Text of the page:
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In Praise of Khatuns: Gender-Fluid Panegyric in Ilkhanid and Post-Mongol Iran and Iraq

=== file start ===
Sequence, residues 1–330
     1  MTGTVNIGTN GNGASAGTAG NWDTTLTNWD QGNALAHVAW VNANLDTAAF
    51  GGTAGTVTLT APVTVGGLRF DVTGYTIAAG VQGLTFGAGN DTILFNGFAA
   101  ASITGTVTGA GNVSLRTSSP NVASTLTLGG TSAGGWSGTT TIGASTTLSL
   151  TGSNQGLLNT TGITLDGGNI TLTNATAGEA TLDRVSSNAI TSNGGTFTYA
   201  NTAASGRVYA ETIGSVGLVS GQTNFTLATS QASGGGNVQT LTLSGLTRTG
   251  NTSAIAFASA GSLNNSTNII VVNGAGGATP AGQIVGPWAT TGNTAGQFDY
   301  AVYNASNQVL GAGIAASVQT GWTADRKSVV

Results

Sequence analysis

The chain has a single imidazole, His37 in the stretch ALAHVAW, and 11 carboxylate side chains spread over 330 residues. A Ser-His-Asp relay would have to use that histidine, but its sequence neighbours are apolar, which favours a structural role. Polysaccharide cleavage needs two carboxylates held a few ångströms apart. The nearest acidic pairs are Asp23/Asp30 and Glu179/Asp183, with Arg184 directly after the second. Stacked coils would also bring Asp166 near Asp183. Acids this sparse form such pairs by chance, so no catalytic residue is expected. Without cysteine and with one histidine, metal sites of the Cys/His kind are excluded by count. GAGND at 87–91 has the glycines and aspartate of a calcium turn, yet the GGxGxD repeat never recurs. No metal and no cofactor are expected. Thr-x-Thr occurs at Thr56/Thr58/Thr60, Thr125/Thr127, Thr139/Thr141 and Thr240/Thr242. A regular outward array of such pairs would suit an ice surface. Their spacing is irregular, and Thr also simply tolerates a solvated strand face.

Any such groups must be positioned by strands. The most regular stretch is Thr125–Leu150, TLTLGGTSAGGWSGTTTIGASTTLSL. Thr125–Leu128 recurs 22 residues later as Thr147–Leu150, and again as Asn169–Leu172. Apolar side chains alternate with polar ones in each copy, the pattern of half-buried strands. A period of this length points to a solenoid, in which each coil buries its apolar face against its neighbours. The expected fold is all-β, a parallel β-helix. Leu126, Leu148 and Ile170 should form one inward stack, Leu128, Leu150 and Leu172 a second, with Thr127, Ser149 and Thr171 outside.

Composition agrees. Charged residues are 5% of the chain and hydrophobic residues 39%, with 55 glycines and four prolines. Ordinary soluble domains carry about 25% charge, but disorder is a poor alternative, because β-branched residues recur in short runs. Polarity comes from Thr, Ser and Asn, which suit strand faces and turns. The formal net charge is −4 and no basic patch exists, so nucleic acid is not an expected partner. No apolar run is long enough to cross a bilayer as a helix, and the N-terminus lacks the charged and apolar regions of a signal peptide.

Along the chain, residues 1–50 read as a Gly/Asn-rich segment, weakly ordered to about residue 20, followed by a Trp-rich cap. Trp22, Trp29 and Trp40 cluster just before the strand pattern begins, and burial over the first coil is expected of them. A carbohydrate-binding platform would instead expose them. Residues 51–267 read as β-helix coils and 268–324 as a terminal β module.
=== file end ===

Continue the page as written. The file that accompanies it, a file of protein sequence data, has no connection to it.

In Ilkhanid Shiraz and Kirman, and in post-Mongol Baghdad, several politically powerful Mongol and Turkic noblewomen (sing. khatun) patronised poets to pen elaborate Persian panegyrics in their praise. Sa‘di Shirazi (d. 1292) and Imami Hiravi (d. 1287) in the thirteenth century and Khvaju Kirmani (d. c. 1352), Jalal Yazdi (d. c. 1357), and Salman Savaji (d. 1376) in the fourteenth, crafted non-binary madihs in which they praised their khatun-patrons as manifestations of a regal androgyny that transcended rigid gender binaries. These khatuns, who either ruled independently or wielded formidable political force, are likened by the poets simultaneously to both masculine and feminine archetypes in ways unimaginable when eulogising their male counterparts. Drawing on a close reading of 20 panegyrics produced for leading khatuns circa 1250-1350, this paper will examine how, in these gender fluid texts, court panegyrists attempted a delicate reconciliation of the sexes through which they freely associated stereotypically kingly virtues with these khatuns, while celebrating their femininity unabashedly. The poets studied in this paper display little if any anxiety in their non-binary praise of powerful women, which suggests their mixed-sex courtly audiences saw no contradiction or tension in this literary transgression of rigid gender lines.
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